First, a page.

Hope you're having a good time in Budapest, I've always wanted to visit Europe. Maybe my wife and I can save up enough money to visit Amsterdam some day.

 
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Children with ADHD

There is a perplexing state of affairs in today's society, there lies a strong correlation between the affluence of a society and the amount of disease that is present. There is also another correlation that troubles many a people and that is with affluence comes disease at an Earlier age.

Working with children and the parents of these children I often get asked the question, 'Why are Children with ADHD on the increase?'

The answer as you shall find is one that is both interesting and challenging.

Children of today are really no more different from the children of yesterday in terms of genetic makeup. However, if you examine the issue more closely you will tend to find that many children today have been given labels. For example, 'Oh, those are children with ADHD' or 'Those are the children who can't sit still.' Or 'That is the kid that always gets into trouble.'

These labels are not only destructive but also become a self fulfilling prophecy as it is repeated adnauseum.

So as a 21st century parent or a parent with a child with ADHD or a parent with children with ADHD, what knowledge framework do you need to equip yourself with to ensure your children live out their true potential?

Here is a quick reference list for thinking about ADHD
� ADHD is a source of great frustration because it is misunderstood
� ADHD medications are a great short term time buying device and should be avoided long term
� The above point goes for any sort of drug consumption. Think about it for a minute. Unless you have a biochemical deficiency in your body like Type 1 diabetes where your body fails to produce enough insulin or any at all, why would you take an external drug? A body that is in balance is totally healthy. It is only when the body is out of balance that dis-ease symptoms start to creep up.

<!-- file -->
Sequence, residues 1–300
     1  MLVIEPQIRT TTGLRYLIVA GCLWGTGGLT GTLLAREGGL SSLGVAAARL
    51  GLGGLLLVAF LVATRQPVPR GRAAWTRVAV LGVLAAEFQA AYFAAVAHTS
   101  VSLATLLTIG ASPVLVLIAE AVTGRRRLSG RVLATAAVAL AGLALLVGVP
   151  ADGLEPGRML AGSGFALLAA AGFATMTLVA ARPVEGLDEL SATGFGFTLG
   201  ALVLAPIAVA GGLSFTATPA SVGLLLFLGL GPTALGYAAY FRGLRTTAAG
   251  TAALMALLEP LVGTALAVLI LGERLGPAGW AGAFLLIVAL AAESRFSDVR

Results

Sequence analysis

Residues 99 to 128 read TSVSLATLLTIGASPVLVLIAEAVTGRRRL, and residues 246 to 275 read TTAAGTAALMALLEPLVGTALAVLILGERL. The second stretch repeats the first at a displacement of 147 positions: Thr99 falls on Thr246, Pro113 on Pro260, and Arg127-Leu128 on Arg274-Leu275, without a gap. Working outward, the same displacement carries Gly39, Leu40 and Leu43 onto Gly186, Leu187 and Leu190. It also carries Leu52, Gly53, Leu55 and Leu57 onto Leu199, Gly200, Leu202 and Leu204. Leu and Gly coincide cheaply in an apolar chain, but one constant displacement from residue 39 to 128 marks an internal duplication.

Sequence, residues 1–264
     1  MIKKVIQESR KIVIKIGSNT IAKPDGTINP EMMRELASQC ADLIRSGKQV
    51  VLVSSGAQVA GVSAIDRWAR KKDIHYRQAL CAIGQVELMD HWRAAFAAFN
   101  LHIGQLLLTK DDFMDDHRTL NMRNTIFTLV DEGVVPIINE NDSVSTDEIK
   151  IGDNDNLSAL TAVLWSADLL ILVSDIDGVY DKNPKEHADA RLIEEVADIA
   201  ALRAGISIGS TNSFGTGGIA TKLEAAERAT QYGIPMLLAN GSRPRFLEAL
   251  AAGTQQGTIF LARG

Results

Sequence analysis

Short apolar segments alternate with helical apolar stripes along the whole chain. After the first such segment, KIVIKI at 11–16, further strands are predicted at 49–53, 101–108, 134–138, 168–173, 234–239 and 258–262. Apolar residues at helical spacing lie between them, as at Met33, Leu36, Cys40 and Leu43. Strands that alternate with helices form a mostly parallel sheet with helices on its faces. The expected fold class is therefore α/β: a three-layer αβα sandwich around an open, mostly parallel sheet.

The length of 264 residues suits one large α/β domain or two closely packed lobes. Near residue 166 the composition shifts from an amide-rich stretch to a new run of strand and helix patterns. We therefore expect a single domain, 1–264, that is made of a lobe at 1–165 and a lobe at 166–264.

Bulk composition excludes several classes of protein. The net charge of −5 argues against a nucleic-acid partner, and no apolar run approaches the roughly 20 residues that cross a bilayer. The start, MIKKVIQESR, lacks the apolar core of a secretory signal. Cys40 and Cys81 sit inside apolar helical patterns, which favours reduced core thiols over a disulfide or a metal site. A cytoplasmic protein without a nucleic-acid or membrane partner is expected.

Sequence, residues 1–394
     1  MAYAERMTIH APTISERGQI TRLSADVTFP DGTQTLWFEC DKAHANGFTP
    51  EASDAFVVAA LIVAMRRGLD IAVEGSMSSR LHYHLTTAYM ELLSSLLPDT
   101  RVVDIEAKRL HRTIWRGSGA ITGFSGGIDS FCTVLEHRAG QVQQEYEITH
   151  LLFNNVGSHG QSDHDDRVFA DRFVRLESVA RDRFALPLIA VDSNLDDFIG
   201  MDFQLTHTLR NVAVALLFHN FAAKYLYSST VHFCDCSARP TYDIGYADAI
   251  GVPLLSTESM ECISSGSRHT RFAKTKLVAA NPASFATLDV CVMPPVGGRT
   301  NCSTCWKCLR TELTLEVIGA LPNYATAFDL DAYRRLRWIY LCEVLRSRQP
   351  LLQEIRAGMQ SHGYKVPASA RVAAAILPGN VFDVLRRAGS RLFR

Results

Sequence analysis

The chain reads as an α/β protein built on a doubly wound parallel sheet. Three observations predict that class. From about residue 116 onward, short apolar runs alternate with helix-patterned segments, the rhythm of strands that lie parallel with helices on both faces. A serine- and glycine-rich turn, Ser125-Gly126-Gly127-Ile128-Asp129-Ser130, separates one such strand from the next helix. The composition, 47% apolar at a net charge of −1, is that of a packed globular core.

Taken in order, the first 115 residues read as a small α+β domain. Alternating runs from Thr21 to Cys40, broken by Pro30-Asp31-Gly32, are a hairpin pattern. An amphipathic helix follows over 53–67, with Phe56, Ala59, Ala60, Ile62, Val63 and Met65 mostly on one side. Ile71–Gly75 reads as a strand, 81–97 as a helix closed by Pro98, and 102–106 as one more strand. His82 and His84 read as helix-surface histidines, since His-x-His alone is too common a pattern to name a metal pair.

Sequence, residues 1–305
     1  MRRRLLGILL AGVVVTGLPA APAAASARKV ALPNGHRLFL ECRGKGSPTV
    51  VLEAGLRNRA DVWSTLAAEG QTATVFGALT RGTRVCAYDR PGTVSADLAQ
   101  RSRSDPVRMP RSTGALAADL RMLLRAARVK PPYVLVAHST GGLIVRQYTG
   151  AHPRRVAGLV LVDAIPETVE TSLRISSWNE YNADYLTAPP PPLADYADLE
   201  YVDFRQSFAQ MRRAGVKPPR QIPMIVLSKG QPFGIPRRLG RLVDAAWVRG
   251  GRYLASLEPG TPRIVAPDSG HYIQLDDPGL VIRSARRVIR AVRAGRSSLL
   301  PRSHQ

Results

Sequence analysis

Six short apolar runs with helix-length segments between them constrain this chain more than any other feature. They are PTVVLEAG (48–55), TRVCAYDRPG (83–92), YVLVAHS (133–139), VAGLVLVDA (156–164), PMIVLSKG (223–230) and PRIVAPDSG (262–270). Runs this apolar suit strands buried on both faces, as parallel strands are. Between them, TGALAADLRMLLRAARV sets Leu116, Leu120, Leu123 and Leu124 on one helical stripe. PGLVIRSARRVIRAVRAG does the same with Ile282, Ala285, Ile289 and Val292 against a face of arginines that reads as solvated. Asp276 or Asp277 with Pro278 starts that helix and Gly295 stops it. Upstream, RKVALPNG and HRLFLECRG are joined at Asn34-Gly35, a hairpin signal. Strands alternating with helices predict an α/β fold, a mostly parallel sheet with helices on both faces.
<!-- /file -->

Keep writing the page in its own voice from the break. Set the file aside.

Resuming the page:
� ADHD is a biochemical imbalance of the mind and body.
� The Head of Psychiatry in Harvard states that drugs for ADHD simply mask the effects of ADHD. It does not cure ADHD. This is an important point because a cure implies never to have to take the medication. This means that once you start on medication you will have to be on it for the rest of your life i.e. you have medically acquired a dependency for a biochemical imbalance. That is like stuffing all your rubbish (problematic behaviors) into a closet (medication) where no one can see it. But if you continue to stuff more rubbish into that closet, one day you will not have enough space and need to do one of two things. You either empty the rubbish (the natural conclusion) or you get a bigger closet (i.e. change to stronger medication to control the symptoms). The choice is obvious but sometimes when you don't have the necessary tools to deal with ADHD you tend to think the bigger closet is the only option.
� ADHD children are super sensitive to the emotions around them. Often they pick up emotional cues from their parents without realizing. Many parents come home frustrated or annoyed from work, the child with ADHD picks this up and starts to 'cause trouble' by becoming restless. Parents frustration increase because they just want some peace and quiet. They get angry which in turn is picked up by the child who then intensifies their activity. Things get way out of hand and some sort of punishment is handed down to the child who has no idea what just happened. The cycle repeats itself every so often.
� Our brains are wired emotionally. Positive praise is interpreted as an analytical/thinking exercise. Negative criticism including scolding, name calling, physical punishment all go directly to the emotional brain of children with ADHD. This means in order to ensure you get your message across in the most optimal way, you need to learn how to communicate with your ADHD children the way they like to be communicated with.
� Every negative comment requires 16 positive comments to neutralize the emotion. Save yourself the frustration and agitation by practicing positive communication.

The list is by no means complete. In dealing with children with ADHD there are a certain set of behavioural principles to follow. I will detail these steps in the coming weeks. I'll also build on the list as you continue to learn about what appears to be a mystical disorder known as 'Children with ADHD'